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    The Rural Pan

    by Kenneth Grahame
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    An April Essay

    Through shady Throgmorton Street and about the vale of Cheapside the
    restless Mercury is flitting, with furtive eye and voice a little
    hoarse from bidding in the market. Further west, down classic
    Piccadilly, moves the young Apollo, the lord of the unerring (satin)
    bow; and nothing meaner than a frock-coat shall in these latter years
    float round his perfect limbs. But remote in other haunts than these
    the rural Pan is hiding, and piping the low, sweet strain that reaches
    only the ears of a chosen few. And now that the year wearily turns and
    stretches herself before the perfect waking, the god emboldened begins
    to blow a clearer note.

    When the waking comes at last, and Summer is abroad, these deities
    will abroad too, each as his several attributes move him. Who is this
    that flieth up the reaches of the Thames in steam-launch hired for the
    day? Mercury is out -- some dozen or fifteen strong. The flower-gemmed
    banks crumble and slide down under the wash of his rampant screw; his
    wake is marked by a line of lobster-claws, gold-necked bottles, and
    fragments of veal-pie. Resplendent in blazer, he may even be seen to
    embrace the slim-waisted nymph, haunter of green (room) shades, in the
    full gaze of the shocked and scandalised sun. Apollo meantime
    reposeth, passively beautiful, on the lawn of the Guards' Club at
    Maidenhead. Here, O Apollo, are haunts meet for thee. A deity
    subjectively inclined, he is neither objective nor, it must be said
    for him, at all objectionable, like them of Mercury.

    Meanwhile, nor launches nor lawns tempt him that pursueth the rural
    Pan. In the hushed recesses of Hurley backwater where the canoe may be
    paddled almost under the tumbling comb of the weir, he is to be looked
    for; there the god pipes with freest abandonment. Or under the great
    shadow of Streatley Hill, ''annihilating all that's made to a green
    thought in a green shade''; or better yet, pushing an explorer's prow
    up the remote untravelled Thame, till Dorchester's stately roof broods
    over the quiet fields. In solitudes such as these Pan sits and
    dabbles, and all the air is full of the music of his piping.
    Southwards, again, on the pleasant Surrey downs there is shouting and
    jostling; dust that is drouthy and language that is sultry. Thither
    comes the young Apollo, calmly confident as ever; and he meeteth
    certain Mercuries of the baser sort, who do him obeisance, call him
    captain and lord, and then proceed to skin him from head to foot as
    thoroughly as the god himself flayed Marsyas in days of yore, at a
    certain Spring Meeting in Phrygia: a good instance of Time's revenges.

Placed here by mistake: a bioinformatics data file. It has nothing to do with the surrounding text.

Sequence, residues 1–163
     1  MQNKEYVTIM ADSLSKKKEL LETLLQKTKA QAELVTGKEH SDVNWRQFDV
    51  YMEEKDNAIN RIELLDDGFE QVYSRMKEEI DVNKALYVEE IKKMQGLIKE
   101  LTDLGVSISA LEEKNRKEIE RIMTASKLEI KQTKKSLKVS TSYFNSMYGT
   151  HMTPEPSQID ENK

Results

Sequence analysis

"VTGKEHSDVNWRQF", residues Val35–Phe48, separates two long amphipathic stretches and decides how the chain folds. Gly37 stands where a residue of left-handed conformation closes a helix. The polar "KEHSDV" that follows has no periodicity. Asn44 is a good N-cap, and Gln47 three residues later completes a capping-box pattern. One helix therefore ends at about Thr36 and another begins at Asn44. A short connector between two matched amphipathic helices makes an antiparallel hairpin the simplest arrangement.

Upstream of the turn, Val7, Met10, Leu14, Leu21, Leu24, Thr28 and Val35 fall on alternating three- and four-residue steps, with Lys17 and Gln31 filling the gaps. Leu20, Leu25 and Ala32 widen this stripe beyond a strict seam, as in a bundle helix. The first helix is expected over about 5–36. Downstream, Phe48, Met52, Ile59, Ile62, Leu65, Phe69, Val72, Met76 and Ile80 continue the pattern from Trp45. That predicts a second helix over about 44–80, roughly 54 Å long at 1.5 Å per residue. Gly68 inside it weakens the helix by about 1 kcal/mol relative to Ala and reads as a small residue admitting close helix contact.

And yet Apollo returns to town and swears he has had a grand day. He
    does so every year. Out of hearing of all the clamour, the rural Pan
    may be found stretched on Ranmore Common, loitering under Abinger
    pines, or prone by the secluded stream of the sinuous Mole, abounding
    in friendly greetings for his foster-brothers the dab-chick and

    For a holiday, Mercury loveth the Pullman Express, and a short hour
    with a society paper; anon, brown boots on the pier, and the pleasant
    combination of Métropole and Monopole. Apollo for his part will urge
    the horses of the Sun: and, if he leaveth the society weekly to
    Mercury, yet he loveth well the Magazine. From which omphalos or hub
    of the universe he will direct his shining team even to the far
    Hesperides of Richmond or of Windsor. Both iron road and level highway
    are shunned by the rural Pan, who chooses rather to foot it along the
    sheep track on the limitless downs or the thwart-leading footpath
    through copse and spinney, not without pleasant fellowship with
    feather and fir. Nor does it follow from all this that the god is
    unsocial. Albeit shy of the company of his more showy brother-deities,
    he loveth the more unpretentious humankind, especially them that are
    adscripti glebæ, addicted to the kindly soil and to the working
    thereof: perfect in no way, only simple, cheery sinners. For he is
    only half a god after all, and the red earth in him is strong. When
    the pelting storm drives the wayfarers to the sheltering inn, among
    the little group on bench and settle Pan has been known to appear at
    times, in homely guise of hedger-and-ditcher or weather-beaten
    shepherd from the downs. Strange lore and quaint fancy he will then
    impart, in the musical Wessex or Mercian he has learned to speak so
    naturally; though it may not be till many a mile away that you begin
    to suspect that you have unwittingly talked with him who chased the
    flying Syrinx in Arcady and turned the tide of fight at Marathon.

    Yes: to-day the iron horse has searched the country through -- east
    and west, north and south -- bringing with it Commercialism, whose god
    is Jerry, and who studs the hills with stucco and garrotes the streams
    with the girder. Bringing, too, into every nook and corner fashion and
    chatter, the tailor-made gown and the eyeglass. Happily a great part
    is still spared -- how great these others fortunately do not know --
    in which the rural Pan and his following may hide their heads for yet
    a little longer, until the growing tyranny has invaded the last
    common, spinney, and sheep-down, and driven the kindly god, the
    well-wisher to man -- whither?
    If you're writing a The Rural Pan essay and need some advice, post your Kenneth Grahame essay question on our Facebook page where fellow bookworms are always glad to help!

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